Donkey Info



bulletMiniature Donkey Information
bulletPersonality and Cost
bulletReproduction and Health
bulletDonkey Sizes



Donkey Information

Miniature donkeys are native to the Mediterranean islands of Sicily and Sardinia. It is difficult to import them now because 1) the quality of donkey left in Sicily and Sardinia is not good, and, 2) it is very difficult to pass the tests given by quarantine stations at the Dept. of Agriculture. Miniature Donkeys have not been bred down in size per se. The 25-30 Miniature Donkeys originally imported into the U.S. was between the sizes of 32" and 38" with the majority of them being in the 35"-37" size range. Over the years, breeders have concentrated more on the 32"-33" size and today your most desirable and well-conformed donkeys are from 31" to 35". The word "miniature" usually connotes animals that have been bred-down in size, so keep in mind that 'miniature donkeys' are simply diminutive and not bred down such is the case of many other 'miniature' animals.


The most prevalent color for Miniature Donkeys is gray-dun which consists of a gray colored body, light colored nose - or dark colored nose -, light colored belly and inside legs, with a dark color dorsal stripe down the back and over the shoulders. The dorsal stripe is known as the donkeys cross. There are variations of this gray-dun from dark to light. As with most animals, donkeys can range in color from black to white and everything in between. True blacks are extremely rare with black/browns (not quite black) being more common. There are chestnut/sorrels, which are various shades of reddish brown. There are also white donkeys and "spotted" donkeys. Some people refer to spotted as "pinto" and this really boils down to semantics. Spotted or pintos are generally gray or brown and white. There are also various colors of roans. Roan coloring is black, brown, gray hairs intermingled with white hairs. Donkeys do not breed true to color. Since gray-dun is by far the predominant gene, you can breed black to black and get gray-dun, spotted to spotted and get gray-dun, etc. Never knowing what color foal will be produced is part of the excitement of having foals. Colors other than the typical gray-dun make the donkey more exotic looking therefore increases their price.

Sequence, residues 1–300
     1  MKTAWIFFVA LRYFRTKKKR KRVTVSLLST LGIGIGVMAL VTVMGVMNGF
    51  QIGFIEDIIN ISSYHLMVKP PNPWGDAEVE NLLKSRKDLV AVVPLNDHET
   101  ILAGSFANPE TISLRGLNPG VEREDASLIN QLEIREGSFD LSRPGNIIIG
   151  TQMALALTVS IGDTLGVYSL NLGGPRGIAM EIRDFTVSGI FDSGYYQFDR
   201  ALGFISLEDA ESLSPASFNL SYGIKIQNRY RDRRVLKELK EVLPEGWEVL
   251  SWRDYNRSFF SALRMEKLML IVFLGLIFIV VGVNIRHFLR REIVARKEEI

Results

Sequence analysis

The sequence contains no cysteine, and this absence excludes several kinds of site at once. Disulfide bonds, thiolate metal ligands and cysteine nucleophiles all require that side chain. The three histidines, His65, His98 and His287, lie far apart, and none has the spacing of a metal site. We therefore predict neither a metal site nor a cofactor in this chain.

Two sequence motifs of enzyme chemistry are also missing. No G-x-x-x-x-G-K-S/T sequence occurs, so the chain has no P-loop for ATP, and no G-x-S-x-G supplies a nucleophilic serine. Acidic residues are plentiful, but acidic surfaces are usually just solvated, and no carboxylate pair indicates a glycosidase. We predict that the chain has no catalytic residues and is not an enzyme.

Donkey Feeding

Donkeys can survive on good quality hay alone. A good hay to feed donkeys is a mixture of alfalfa and grass. Pure alfalfa is too rich a feed for Miniature Donkeys and does not set well with their digestive systems. They can also become extremely fat. With severe droughts often occurring in different parts of the country, sometimes only poor quality hay is available and in this case, donkeys should be supplemented with a 10-12% protein equine sweet feed. Donkeys are termed as "easy keepers" meaning they utilize their feed very efficiently and you must be careful that they do not get fat. Fat donkeys will develop a "crest" - or fat roll - on their necks that will be there for life once it develops.

Limited acreage can go hand in hand with Miniature Donkeys. You could easily keep 10 donkeys on an acre of land. This however doesn't mean they could live off pasture grasses. It does mean they could live comfortably being fed hay year round. You basically need a pasture large enough for them to run and play in to receive enough exercise for them to remain healthy.


Donkey Communication